THE BLOG

Parenting in Grey

06/02/2015 11:20 am ET | Updated Jun 02, 2016
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On a cold Saturday morning in early October -- somewhere along the I-95 -- my husband drives and our then 10-year-old son, who is in the back seat, takes in his instruction.

Since our son has been playing organized sports, the car has morphed into an unholy confessional -- the place where we lecture and advise and he is supposed to listen and abide.

By the start of this past hockey season, our son already had logged thousands of hours on the ice playing for various teams. He began his Squirt Major year playing in the Boston Fed League, and one of his team coaches told him he should learn how to take a face off in case he is ever asked to fill in at center.

"When the referee is about to drop the puck, don't look at the puck. Look at his hand," my husband tells him. "See if you can get the other kid to put his stick down first. Try to cheat in a little bit."

My husband played two Division-I sports; hockey wasn't among them. Still, he grew up knowing that little advantages -- like being first to make contact with the puck at the face-off circle or leaning into and against the opposing player -- potentially can have an impact on possession. It's not cheating. It's simply gaining a competitive edge, which is technically not an infraction.

From athletes to businessmen to fashion models to people in PR, it's human nature to capitalize, to want to have -- and then seek to get -- a proverbial leg up against your competition. We all do it everyday. In my industry, as in many others, it's called ambition.

A very smart pro sports general manager, who also played hockey, once told me sports are about pushing as far as you can to try and create every edge for you and your team.

Each pro sport has its share of athletes and teams who try to do this. The stories are as old as the sports themselves and if they get caught, the stories become legend.

Do an Internet search of "corked bat" and you will find a myriad of articles, ranging from Sammy Sosa to the Cleveland Indians. Google image "PINE TAR" and the first picture that shows up is of NY Yankee Pitcher Michael Pineda's neck.

And it's not just the athletes. Have you noticed that some sports equipment manufacturers are (inadvertently) aiding and abetting in this process?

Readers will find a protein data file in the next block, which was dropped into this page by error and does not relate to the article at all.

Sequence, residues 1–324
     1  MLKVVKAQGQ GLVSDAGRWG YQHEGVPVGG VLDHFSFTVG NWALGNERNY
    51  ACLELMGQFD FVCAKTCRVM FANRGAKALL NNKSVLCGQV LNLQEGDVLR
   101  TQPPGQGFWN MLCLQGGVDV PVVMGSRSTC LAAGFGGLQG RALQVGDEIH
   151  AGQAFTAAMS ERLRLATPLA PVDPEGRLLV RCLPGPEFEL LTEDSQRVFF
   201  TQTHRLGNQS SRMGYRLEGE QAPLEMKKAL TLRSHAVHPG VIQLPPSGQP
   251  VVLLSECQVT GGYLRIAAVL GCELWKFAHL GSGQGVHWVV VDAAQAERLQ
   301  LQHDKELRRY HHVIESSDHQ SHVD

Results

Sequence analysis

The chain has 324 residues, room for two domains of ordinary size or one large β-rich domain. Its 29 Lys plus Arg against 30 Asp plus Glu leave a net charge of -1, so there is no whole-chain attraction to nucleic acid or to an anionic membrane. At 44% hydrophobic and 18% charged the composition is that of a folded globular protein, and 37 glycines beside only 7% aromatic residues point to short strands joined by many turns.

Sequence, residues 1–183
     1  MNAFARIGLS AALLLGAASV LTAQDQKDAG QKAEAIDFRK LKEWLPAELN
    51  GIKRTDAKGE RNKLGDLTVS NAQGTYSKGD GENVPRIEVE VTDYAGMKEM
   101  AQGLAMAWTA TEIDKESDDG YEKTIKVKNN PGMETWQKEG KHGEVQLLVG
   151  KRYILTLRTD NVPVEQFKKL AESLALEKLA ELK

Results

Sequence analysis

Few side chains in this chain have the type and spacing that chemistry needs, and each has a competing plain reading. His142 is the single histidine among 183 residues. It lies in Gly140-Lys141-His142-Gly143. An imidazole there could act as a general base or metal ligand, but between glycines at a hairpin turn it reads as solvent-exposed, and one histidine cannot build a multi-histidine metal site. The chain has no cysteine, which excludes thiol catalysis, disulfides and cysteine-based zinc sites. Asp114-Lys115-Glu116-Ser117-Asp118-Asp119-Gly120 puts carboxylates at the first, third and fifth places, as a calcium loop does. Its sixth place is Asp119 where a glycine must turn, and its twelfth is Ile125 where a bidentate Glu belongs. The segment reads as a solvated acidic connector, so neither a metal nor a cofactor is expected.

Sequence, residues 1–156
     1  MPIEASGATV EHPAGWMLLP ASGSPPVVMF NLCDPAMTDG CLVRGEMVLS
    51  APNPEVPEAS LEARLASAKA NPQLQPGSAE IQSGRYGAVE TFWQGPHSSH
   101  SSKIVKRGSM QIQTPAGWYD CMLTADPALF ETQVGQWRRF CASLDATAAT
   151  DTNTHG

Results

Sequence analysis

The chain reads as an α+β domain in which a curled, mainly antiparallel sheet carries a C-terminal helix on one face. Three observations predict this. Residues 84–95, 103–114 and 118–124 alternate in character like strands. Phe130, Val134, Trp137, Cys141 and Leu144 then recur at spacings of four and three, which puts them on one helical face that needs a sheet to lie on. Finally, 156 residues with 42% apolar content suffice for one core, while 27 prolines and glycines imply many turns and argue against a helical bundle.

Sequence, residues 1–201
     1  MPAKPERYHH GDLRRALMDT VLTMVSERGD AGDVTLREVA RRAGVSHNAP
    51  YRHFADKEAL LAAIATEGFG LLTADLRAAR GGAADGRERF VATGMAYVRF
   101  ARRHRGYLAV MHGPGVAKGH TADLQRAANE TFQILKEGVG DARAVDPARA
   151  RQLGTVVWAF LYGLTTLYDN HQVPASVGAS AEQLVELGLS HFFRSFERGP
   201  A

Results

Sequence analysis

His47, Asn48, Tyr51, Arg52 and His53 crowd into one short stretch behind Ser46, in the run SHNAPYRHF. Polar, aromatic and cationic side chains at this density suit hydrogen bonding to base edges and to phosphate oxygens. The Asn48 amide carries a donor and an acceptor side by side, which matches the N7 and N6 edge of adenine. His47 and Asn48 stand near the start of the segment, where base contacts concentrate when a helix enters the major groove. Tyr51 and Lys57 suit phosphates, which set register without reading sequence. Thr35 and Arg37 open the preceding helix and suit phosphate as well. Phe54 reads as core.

At the start of the 2013-14 season, the NHL had to implement a new rule governing the length of the goalie's pads so as not to give netminders an unfair advantage against shooters aiming for the five-hole.

In golf, the USGA and R&A will ban the use of putter anchoring devices, which helped Adam Scott win the Masters. It wasn't called cheating in 2013, but it will be in 2016.

Odell Beckham -- would we be as amazed by him if not for his Magnigrip-infused glove? When do you think the NFL will call a moratorium on these gloves? And why is it ok for guys like Beckham today, but something that served a similar purpose -- the Stickum -- wasn't ok for Lester Hayes in 1981?

Is it cheating if you're a GM who is savvy enough to manipulate the salary cap? You're not suspended from your office if you successfully circumvent the complex rules. You're patted on the back and probably given a bonus.

If a team purposely underperforms during the tail end of its season to ensure its spot in a draft lottery, can it be classified as cheating? This year, Buffalo Sabres fans famously cheered their home team's losses in hopes they could have a shot at securing the first pick overall in the NHL Draft.

Everyday we encourage our kids to do their best and to leverage whatever resources they have -- or whatever resources we can provide for them -- that will help them succeed and win. This isn't limited to sports.

Some educators believe more affluent kids do better in standardized exams because parents can pay for tutors who can teach them the tricks of acing multiple-choice tests.

I myself have been asked to edit -- and even write -- friends' children's college essays. While I've never written anyone's college essay, I've reviewed and edited my share. I wouldn't call the teens I've helped cheaters.

We live in an age when parents will deliberately "redshirt" their children -- hold them back a year from school to ensure they are the biggest, most athletically-coordinated and verbally-proficient kids in kindergarten.

Apply to any all-boys private school in New York City and you will have well-meaning admissions people suggest you hold your son back if his birthday is anywhere near the midpoint of the calendar. My husband was born in July and I in October. We both graduated high school at 17. Many of our friends' kids are graduating as 19 year-olds.

So where is the line between cheating and gaining an advantage? And who decides?

My mom, a first-generation immigrant from the Philippines, who became a first-time parent in the early '70s and raised her children in Manhattan -- told me she believes it is far more difficult to be a parent today than it was when she was nurturing my siblings and me. She thinks we contribute to and have created a world that is just more grey. And grey is harder to navigate.

She says we have only ourselves to thank for this -- that perhaps somewhere along the way, we mistook ambition for entitlement.

She may be right, I think.